Ozzie Reveals More Details of Cloud Development Platform
Microsoft Chief Software Architect Ray Ozzie made another rare public appearance in late July and provided a closer look at the development infrastructure set to power the company's "Software Plus Services" push.
Speaking at Redmond's annual Financial Analyst Meeting on July 26, Ozzie made it clear that the company's core business of client operating system software will remain a major part of its strategy. "Every one of our software offerings is either a socket for a new attached service that connects to that software offering, or an upgrade or up-sell opportunity to extend a product's value proposition up to the Web and, potentially, through mobile devices," Ozzie said.
Ozzie gave a presentation on how Redmond intends to make this shift through a multiple-layer services-development platform.
Microsoft is calling the platform's bottom layer "Global Foundation Services." It includes the major datacenters Microsoft has been building for some time, along with the networking assets that provide links to the Internet, Ozzie said.
Next up is the "Cloud Infrastructure Services" layer, which Ozzie termed "a utility computing fabric upon which all of our online services run.
"It has application frameworks that support a variety of app models that are designed for horizontal scaling. And it has infrastructure that manages the automatic deployment and load balancing and performance optimization of the apps that it's managing running on its infrastructure," he added.
Sitting on top of this will be the "Live Platform Services" layer, which will contain services meant to serve applications, according to Ozzie. "These are services like identity services, contact lists -- this is the layer where our social graph of your relationships lives, your presence and rendezvous, communication services. Perhaps most importantly, our advertising platform infrastructure lives at this level," he said.
The final layer will consist of the service applications themselves, powered by technology such as Silverlight, Microsoft's new cross-platform browser plug-in for rich Internet applications, Ozzie said.
All told, Microsoft's efforts to create a hosted, monetized development platform fits into a trend some analysts are calling "Platform as a Service," or PaaS.
Analyst and blogger David Linthicum of the Linthicum Group LLC suggests Microsoft is hewing to reality, as opposed to laying out a unique vision for the future. "I think Microsoft sees the writing on the wall in terms of the movement toward PaaS," Linthicum says. "Indeed, they're perhaps building the mother of all PaaSes, and this will reflect on how we build applications and core enterprise architecture."
For now, though, Redmond is playing catch-up to rivals like Google Inc., which has a mega-sized datacenter operation in place, a hugely profitable ad system, a growing number of hosted productivity applications and heavily rumored ambitions toward the enterprise computing market.
And Microsoft's archrival in the CRM space, Salesforce.com Inc., has already announced its Apex programming platform. Applications developed on the platform can be packaged as a Web service, and hosted and shared with other subscribers through the company's AppExchange.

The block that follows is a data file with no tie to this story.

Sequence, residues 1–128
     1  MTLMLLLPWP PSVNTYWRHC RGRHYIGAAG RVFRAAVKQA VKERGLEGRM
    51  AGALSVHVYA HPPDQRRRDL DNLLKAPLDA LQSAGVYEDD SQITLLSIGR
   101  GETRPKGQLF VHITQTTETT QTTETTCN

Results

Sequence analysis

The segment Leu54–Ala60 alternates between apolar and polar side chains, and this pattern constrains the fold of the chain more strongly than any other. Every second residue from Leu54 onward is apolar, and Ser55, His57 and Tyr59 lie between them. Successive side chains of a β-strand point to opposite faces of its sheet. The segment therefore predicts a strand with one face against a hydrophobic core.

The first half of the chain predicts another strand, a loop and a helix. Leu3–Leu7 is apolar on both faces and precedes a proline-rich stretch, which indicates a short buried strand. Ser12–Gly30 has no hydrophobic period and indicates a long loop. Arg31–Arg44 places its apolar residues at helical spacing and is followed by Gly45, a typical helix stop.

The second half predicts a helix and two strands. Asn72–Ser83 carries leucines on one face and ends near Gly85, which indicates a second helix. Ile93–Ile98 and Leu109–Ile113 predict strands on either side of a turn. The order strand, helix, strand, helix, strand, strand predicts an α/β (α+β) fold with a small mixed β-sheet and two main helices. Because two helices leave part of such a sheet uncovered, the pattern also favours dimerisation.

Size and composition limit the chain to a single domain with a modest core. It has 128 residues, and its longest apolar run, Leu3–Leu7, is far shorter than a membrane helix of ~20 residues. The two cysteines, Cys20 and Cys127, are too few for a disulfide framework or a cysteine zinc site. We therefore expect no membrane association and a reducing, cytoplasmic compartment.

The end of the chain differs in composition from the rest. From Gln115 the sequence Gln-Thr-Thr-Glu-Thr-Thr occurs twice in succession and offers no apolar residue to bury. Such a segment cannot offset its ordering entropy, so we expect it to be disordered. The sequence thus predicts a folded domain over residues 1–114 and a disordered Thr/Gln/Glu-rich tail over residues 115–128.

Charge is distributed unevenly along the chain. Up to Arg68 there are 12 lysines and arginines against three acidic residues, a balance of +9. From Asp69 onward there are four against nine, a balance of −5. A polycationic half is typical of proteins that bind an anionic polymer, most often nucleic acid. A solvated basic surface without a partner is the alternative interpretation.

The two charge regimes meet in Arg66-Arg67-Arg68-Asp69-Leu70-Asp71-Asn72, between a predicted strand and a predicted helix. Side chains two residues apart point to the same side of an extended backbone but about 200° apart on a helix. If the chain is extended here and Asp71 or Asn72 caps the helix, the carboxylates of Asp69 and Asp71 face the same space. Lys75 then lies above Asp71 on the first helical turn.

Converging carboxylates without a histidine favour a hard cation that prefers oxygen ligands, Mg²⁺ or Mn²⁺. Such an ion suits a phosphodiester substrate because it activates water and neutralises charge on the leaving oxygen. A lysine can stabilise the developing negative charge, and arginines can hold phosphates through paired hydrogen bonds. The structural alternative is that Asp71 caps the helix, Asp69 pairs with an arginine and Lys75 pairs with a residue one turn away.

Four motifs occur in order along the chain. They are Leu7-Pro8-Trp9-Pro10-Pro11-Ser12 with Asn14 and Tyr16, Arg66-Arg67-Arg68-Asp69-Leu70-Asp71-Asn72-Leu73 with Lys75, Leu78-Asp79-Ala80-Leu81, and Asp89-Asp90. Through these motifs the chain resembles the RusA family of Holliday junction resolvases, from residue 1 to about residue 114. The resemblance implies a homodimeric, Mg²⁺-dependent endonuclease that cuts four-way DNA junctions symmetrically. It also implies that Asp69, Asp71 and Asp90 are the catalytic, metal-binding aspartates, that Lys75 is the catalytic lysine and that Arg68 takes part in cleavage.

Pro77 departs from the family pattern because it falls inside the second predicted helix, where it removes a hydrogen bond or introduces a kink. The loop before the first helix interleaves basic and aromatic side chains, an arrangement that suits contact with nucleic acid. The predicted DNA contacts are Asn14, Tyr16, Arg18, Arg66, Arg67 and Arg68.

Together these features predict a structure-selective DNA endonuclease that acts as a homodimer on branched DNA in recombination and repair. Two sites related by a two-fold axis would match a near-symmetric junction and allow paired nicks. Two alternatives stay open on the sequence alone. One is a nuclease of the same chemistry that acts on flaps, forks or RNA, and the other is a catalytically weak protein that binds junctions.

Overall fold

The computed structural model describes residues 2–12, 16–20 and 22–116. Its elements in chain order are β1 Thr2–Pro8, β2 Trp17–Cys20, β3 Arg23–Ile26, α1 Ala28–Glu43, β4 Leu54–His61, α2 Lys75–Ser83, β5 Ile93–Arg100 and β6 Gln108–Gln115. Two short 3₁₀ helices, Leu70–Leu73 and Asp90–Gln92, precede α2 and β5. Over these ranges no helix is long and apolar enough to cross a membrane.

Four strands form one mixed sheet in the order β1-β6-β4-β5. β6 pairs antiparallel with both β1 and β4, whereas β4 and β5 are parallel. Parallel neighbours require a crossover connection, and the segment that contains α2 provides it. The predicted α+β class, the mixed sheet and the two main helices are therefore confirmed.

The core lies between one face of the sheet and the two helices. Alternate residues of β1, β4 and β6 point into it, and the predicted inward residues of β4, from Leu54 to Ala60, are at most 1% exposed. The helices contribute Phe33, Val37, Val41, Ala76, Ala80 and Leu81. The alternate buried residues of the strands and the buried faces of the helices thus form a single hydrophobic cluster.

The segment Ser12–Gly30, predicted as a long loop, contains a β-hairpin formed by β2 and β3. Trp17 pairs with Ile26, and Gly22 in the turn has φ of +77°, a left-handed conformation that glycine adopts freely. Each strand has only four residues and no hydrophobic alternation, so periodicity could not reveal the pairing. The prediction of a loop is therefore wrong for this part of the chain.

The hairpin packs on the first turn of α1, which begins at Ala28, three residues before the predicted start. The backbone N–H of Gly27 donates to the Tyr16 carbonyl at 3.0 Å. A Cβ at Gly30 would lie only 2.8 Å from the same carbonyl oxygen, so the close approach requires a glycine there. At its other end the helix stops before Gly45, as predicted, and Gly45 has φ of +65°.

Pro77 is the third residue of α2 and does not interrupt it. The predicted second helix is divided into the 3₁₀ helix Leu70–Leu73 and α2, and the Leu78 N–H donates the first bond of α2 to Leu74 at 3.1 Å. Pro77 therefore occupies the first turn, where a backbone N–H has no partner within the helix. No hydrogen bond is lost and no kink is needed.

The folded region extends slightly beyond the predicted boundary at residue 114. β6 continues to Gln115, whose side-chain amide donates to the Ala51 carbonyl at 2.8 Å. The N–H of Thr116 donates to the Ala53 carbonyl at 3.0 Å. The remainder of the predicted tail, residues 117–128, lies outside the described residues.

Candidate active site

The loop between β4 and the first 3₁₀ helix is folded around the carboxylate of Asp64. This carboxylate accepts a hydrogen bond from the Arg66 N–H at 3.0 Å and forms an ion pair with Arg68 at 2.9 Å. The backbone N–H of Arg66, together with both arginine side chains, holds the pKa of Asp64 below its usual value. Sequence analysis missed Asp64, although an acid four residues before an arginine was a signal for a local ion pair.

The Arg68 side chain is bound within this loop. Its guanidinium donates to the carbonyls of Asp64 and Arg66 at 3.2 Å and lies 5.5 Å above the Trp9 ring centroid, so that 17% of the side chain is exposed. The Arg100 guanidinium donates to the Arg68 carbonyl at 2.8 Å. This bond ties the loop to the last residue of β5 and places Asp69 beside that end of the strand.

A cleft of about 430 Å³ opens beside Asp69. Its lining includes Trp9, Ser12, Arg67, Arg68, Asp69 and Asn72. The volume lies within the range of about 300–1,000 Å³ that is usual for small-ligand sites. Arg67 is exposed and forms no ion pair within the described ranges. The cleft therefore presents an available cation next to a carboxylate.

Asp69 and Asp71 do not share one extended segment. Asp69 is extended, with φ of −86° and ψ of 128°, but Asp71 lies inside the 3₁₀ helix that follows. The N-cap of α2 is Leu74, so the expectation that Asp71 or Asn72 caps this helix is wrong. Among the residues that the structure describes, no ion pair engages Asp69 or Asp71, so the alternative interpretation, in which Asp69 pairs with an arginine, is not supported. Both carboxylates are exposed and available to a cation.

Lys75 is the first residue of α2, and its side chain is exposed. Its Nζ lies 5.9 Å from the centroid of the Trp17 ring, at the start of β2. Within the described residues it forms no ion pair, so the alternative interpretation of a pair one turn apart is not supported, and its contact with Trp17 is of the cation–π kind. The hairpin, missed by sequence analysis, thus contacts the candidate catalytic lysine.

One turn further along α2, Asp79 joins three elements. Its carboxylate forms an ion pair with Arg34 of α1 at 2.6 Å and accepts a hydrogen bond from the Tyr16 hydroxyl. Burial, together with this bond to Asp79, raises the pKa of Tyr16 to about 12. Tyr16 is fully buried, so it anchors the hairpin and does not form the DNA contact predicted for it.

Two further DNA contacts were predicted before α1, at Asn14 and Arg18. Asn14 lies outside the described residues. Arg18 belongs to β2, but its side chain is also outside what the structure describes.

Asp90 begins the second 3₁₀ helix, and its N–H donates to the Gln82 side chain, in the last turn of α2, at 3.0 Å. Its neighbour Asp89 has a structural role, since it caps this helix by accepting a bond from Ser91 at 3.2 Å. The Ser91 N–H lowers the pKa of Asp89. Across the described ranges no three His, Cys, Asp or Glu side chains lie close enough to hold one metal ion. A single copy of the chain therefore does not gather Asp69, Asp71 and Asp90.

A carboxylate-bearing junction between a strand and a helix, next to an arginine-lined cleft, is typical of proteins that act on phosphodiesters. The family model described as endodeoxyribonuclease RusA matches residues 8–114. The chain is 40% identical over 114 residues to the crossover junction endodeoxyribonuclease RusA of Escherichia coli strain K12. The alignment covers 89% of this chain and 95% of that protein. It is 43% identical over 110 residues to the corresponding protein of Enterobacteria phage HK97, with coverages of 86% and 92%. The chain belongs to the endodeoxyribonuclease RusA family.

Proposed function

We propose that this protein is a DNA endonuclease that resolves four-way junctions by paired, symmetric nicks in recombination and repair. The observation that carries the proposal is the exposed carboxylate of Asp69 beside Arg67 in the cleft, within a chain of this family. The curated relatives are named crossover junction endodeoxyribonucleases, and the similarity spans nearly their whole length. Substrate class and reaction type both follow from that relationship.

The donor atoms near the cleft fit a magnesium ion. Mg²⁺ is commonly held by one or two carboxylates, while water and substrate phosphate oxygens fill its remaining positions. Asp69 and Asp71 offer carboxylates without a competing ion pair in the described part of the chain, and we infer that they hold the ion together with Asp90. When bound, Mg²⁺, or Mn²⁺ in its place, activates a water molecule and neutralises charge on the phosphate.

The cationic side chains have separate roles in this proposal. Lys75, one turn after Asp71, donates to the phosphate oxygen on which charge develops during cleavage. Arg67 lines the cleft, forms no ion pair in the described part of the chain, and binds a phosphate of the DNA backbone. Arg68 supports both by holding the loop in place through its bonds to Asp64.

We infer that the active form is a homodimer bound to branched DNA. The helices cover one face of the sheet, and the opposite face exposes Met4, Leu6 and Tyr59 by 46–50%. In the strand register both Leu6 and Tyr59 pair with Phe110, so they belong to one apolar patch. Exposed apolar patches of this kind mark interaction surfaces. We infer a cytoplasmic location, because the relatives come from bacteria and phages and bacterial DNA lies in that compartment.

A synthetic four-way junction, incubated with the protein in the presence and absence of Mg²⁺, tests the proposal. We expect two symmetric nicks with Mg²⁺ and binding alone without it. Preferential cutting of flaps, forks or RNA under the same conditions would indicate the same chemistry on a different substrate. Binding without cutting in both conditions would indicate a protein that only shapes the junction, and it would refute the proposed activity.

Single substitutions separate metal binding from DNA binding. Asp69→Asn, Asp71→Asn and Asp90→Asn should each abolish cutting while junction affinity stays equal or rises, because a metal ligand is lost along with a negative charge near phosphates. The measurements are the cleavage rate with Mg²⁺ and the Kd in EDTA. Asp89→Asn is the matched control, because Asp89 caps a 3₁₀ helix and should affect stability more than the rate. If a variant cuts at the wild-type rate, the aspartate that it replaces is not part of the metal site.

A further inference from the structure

Microsoft CEO Steve Ballmer revealed in a recent speech that Redmond plans to do something much like Apex with "Titan," the code-name for its upcoming Live Dynamics CRM release. Ballmer said developers can use the underlying declarative programming model used by Dynamics to write "your own Titan applications either on-premise hosted or hosted in our datacenter."
Microsoft is also readying BizTalk Services, an attempt to provide what Microsoft calls an "Internet service bus" with services for purposes including workflow, identity and connectivity.
What remains unclear, however, is the overall story for developers. The company's cloud development initiatives do build off established technology and the .NET Framework, but as RDN columnist and Directions on Microsoft analyst Greg DeMichillie noted recently, existing Live services suffer from uneven licensing rules and a non-uniform programming model.
Ozzie indicated Microsoft needs a significant amount of time to fully bake its plans, saying announcements regarding the new platform will occur during the next 12 to 18 months -- and the chief software architect spared no drama in describing the company's goals. "... We believe we're the only company with the platform DNA that's necessary to viably deliver this highly leveragable platform approach to services. And we're certainly one of the few companies that has the financial capacity to capitalize on this sea change, this services transformation."
John Robbins of the consultancy Wintellect suggests the Software Plus Services scenario -- which some have derided as Redmond's attempt to preserve its core business even while acknowledging development's move to the cloud -- could be attractive to enterprise customers. "When you look at what a lot of these bigger shops have done with Word and Excel, and now you can tie it in with SharePoint and Windows Workflow Foundation, that's a compelling story," he says.
Chris Kanaracus is the news editor for Redmond Developer News.